There was the time where we stopped for a drink in an upscale, outdoor bar where we were serenaded by the Thai version of Michael Bolton, only without the ability to sing in key. There was the quasi country western bar we stumbled upon with a live band, where there were about 5 other people in the bar and we were the only people dancing (they played "Sweet Child O' Mine", how could we not dance?) There were the hookah bars where the air was filled with sweet, strawberry flavored smoke. There were shots taken on the way from one bar to the other, in the middle of a crowded sidewalk (did I mention that there are stands in Thailand that sell booze?) There were games of pool in smoky pubs full of old British or Irish men watching soccer. There was Chinatown with its restaurants selling shark fin soup and stands selling roasted chestnuts. There was the dip in the rooftop pool of a new friend (I really like friends with pools), the Bangkok skyline spreading out in the dark beneath us. There were the hungover mornings eating chicken and rice, or more often, Au Bon Pain sandwiches.

Bangkok for me was about Friday afternoon, a bag packed and with me at school, almost sprinting away after my last class, not even bothering to change. I would hail the first taxi I saw, and let out a long slow exhale. The work week was done. Within minutes we would pass out of my town, up and onto one of the big suspension bridges. And there it would be, Bangkok, or at least a small part of it, waiting for me.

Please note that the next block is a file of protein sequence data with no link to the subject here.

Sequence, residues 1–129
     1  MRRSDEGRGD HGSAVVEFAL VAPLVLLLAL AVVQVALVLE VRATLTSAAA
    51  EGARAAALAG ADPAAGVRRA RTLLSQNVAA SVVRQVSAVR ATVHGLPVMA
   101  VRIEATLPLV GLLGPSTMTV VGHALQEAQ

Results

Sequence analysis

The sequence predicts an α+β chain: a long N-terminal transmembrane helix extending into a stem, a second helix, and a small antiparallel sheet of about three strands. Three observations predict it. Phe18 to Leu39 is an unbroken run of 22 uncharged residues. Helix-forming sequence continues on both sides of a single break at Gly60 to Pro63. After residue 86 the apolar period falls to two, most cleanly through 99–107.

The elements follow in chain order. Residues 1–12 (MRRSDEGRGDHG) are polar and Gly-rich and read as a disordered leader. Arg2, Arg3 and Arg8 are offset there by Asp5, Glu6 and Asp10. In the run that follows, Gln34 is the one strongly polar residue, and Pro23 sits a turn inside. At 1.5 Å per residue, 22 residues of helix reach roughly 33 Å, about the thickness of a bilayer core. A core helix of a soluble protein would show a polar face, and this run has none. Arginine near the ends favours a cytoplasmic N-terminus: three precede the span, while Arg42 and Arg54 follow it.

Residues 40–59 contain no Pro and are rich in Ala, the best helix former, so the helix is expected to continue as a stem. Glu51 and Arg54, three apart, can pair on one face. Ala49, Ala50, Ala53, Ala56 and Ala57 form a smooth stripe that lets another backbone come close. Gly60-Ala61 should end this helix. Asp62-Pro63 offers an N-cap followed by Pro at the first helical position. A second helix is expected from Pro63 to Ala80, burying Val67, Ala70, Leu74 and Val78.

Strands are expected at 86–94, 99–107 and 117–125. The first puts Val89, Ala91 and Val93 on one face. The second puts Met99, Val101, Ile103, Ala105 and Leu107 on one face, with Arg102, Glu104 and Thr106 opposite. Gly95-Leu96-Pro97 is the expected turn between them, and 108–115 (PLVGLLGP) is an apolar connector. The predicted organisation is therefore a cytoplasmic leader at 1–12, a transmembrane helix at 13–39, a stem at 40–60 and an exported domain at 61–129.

Bangkok was my sanity, my break, my stress reliever. I had no other English speakers with me in my town and sometimes when I met up with my friends I felt like I was literally brimming over with pent up words, all of the things I couldn't tell anyone for the last five days. We usually grabbed a beer and drank it while we got ready. I would sometimes be so deliriously happy I couldn't stop smiling. The weekend was this beautiful thing just lying in front of me.

There would be hot nights and even hotter days, trips to markets, trips to MBK to buy slightly non-legit DVDS. There would be drinks with friends, war stories exchanged about our experiences teaching. There would be dancing. I can't say enough about the dancing. I'm a spaz who does not normally relish all things dancing. But in Thailand I couldnt wait to be on the dance floor. I couldn't wait for anything, for everything.